The contrast medium is any conventional medium, but to aid the heating of the stent it is preferable that the medium contains a material that will absorb the radiation emitted from the diffuser. That radiation-absorbing material may be the same absorbing material that is used in the coating, or may be a different material. The purpose of including a radiation-absorbing material in the contrast medium is to minimize the fraction of radiation that escapes through fenestrations in the stent that develop as the stent expands. Also, by including a radiation-absorbing material in the contrast medium, less radiation-absorbing material is needed in the stent coating. If the concentration of radiation-absorbing material in the stent coating is sufficiently high to heat the fenestrated stent in its expanded state in the absence of radiation-absorbing material in the contrast medium, the stent may become overheated when exposed to radiation in the unexpanded state, causing damage to the stent, balloon and surrounding tissue. The radiation-absorbing material also may become photo-bleached, and thereafter less effective in heating the stent.
 For stents that develop fenestrations during expansion, the concentration of radiation-absorbing material in the contrast medium is set to limit the total fraction of radiation that propagates beyond the stent and into the adjacent tissue. Conversely, the optical density of the contrast medium should be such that a fraction of the radiation is transmitted through the contrast medium and is absorbed directly by the stent coating, thus limiting the direct heating of the contrast medium and allowing continued direct heating of the stent.
 The concentration of radiation-absorbing material used in the contrast medium may be determined empirically. In one embodiment of the invention, indocyanine green (“ICG”) is used in both the coating and in the contrast medium, in a concentration of 48.1 mg ICG/g poly(D,L-lactide) in the coating, and between about 0.15 and about 0.4 mg/mL, preferably 0.2 mg/mL, in the contrast medium. If the concentration of indocyanine green in the contrast medium is too high, about 0.5 mg/mL or higher, insufficient radiation penetrates the medium and only the contrast medium near the diffuser lumen is heated. Under these circumstances, the medium near the diffuser may become overheated and damage the diffuser. Conversely, if the concentration of indocyanine green used in the contrast medium is too low, about 0.1 mg/mL or lower, the contrast medium may not be sufficiently heated by the radiation emitted from the diffuser to maintain a stable temperature. Suitable concentration ranges of other radiation-absorbing materials may be determined empirically or by methods known by those skilled in the art, with consideration given to factors such as the extinction coefficient and attenuation properties of the material.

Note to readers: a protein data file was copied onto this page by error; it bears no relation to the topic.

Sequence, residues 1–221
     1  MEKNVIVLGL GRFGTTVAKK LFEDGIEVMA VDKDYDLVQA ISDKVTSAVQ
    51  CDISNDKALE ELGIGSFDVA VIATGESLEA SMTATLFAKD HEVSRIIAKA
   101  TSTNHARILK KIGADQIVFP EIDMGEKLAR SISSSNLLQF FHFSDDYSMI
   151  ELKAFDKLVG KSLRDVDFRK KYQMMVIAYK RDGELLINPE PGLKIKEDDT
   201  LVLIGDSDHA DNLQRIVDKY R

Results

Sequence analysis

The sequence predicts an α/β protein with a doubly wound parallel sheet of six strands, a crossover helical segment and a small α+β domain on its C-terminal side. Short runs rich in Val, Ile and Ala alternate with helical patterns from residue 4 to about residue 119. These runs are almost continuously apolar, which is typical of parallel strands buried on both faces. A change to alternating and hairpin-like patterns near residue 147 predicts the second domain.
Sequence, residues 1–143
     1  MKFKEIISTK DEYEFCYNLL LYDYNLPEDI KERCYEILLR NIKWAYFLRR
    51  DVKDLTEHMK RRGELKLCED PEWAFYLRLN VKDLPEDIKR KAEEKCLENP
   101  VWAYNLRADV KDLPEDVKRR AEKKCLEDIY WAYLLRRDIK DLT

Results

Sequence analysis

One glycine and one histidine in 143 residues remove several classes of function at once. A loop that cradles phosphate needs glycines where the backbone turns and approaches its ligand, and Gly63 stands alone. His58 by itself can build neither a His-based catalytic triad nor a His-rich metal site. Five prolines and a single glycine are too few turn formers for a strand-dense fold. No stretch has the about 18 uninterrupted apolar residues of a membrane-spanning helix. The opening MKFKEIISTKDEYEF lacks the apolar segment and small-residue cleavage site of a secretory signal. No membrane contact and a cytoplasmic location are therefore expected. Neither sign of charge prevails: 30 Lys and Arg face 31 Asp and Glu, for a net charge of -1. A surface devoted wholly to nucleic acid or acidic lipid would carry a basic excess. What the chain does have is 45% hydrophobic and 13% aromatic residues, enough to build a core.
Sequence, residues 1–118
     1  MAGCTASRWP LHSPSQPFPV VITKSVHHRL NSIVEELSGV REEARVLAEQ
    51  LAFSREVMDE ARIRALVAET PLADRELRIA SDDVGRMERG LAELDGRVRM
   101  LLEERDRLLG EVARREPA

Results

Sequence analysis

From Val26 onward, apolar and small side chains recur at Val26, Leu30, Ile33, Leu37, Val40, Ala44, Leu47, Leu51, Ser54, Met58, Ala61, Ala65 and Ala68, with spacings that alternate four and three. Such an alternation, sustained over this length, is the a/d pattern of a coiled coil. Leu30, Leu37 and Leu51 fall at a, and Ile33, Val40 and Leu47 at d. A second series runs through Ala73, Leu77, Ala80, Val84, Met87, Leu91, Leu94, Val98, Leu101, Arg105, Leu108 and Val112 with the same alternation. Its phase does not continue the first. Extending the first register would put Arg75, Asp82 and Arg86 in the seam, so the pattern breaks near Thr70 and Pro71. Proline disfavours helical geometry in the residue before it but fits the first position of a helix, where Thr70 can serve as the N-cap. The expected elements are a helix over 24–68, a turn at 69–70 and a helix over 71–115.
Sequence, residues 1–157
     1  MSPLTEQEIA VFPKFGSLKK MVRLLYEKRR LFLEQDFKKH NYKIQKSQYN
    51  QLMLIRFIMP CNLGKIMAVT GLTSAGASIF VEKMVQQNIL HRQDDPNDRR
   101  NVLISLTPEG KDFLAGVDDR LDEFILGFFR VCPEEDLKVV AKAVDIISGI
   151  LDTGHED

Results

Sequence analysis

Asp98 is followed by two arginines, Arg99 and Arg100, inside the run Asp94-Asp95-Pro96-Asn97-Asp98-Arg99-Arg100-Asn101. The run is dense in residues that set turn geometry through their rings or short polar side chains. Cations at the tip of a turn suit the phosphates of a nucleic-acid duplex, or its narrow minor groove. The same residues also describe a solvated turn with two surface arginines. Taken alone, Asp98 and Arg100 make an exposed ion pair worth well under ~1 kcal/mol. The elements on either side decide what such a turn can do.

Before the balloon is inflated with contrast medium, almost all of the increase in stent temperature results from the absorption of radiation by the stent coating. As contrast medium enters the balloon, causing the balloon (and the stent) to expand, some of the radiation is absorbed by the contrast medium, raising the temperature of the medium. By employing the radiation-absorbing material in the contrast medium as well as in a coating, it is possible to heat the stent (and thereby to soften it) more efficiently than using the radiation-absorbing material only in the coating.